72 people are dead after 6 days of violent protests have rocked cities across the country. The protests followed the arrest of ex-president Jacob Zuma for failing to appear at a corruption inquiry last week, unleashing pent-up grievances over inequality in the country and resulting in the worst violence South Africa has seen in years.
Businesses, warehouses, and shopping malls have been ransacked and some even burned down in major city centres across the country. Much of the chaos is localized in Zuma’s home province KwaZulu-Natal, as well as Johannesburg and the surrounding Gauteng provinces.
Many of the deaths that have occurred in these provinces resulted from stampedes of people stealing food, liquor, clothing, and electrical appliances, police said. Gauteng premier David Makhura said 10 bodies were found Monday evening after a stampede at a shopping mall in Soweto, a township in Johannesburg.
While the protests were initially triggered by Zuma’s arrest, the chaos broadened into a massive outpouring of discontent among South Africans over the hardships and inequality throughout the nation. Despite the formal end to Apartheid 27 years ago, there has been widespread poverty in the nation which has only been exacerbated by the COVID-19 pandemic. Layoffs and an economic downturn that resulted from the pandemic drove up an already high unemployment rate, now higher than 32% according to official statistics.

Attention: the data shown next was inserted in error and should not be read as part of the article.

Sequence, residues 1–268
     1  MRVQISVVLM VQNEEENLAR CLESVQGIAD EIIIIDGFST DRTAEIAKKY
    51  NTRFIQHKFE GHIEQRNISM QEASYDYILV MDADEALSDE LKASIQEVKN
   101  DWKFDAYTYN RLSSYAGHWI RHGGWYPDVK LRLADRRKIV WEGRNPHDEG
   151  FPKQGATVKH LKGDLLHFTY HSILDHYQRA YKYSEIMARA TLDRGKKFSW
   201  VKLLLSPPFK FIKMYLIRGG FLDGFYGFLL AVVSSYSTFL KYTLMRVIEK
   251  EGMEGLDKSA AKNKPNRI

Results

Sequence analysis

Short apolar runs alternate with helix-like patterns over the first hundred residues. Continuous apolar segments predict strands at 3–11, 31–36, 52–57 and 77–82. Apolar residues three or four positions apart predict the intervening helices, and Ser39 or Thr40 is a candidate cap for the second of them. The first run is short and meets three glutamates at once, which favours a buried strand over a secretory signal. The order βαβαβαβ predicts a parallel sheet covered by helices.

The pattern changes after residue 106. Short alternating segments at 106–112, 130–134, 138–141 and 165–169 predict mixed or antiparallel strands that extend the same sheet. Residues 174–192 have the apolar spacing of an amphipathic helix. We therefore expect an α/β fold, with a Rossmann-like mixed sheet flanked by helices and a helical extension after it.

Hospital supply chains in South Africa have been disrupted by the unrest, and some vaccination centres have had to temporarily close, putting more pressure on a health system already struggling to combat the country’s 3rd wave of the COVID-19 pandemic. Food supplies are also running low at some hospitals, and many are understaffed due to healthcare workers being unable to leave their homes.
Supply chains throughout the country have also been impacted throughout the nation, with as many as 400 people lining up outside a supermarket to buy food hours before the shop opened in Durban, a significant eastern port city and one of the biggest shipping hubs in Africa. Durban has been one of the worst cities hit by looting, with a rail line connecting it to Gauteng province.
Since the violence began, more than 1,200 people have been arrested, and 2,500 soldiers have been deployed to assist local police forces. However, some say that the lack of response from the police was more reactionary than preventative and that it might not be enough to prevent further unrest. Many civilians and community organizers have taken to helping protect local businesses from rioters.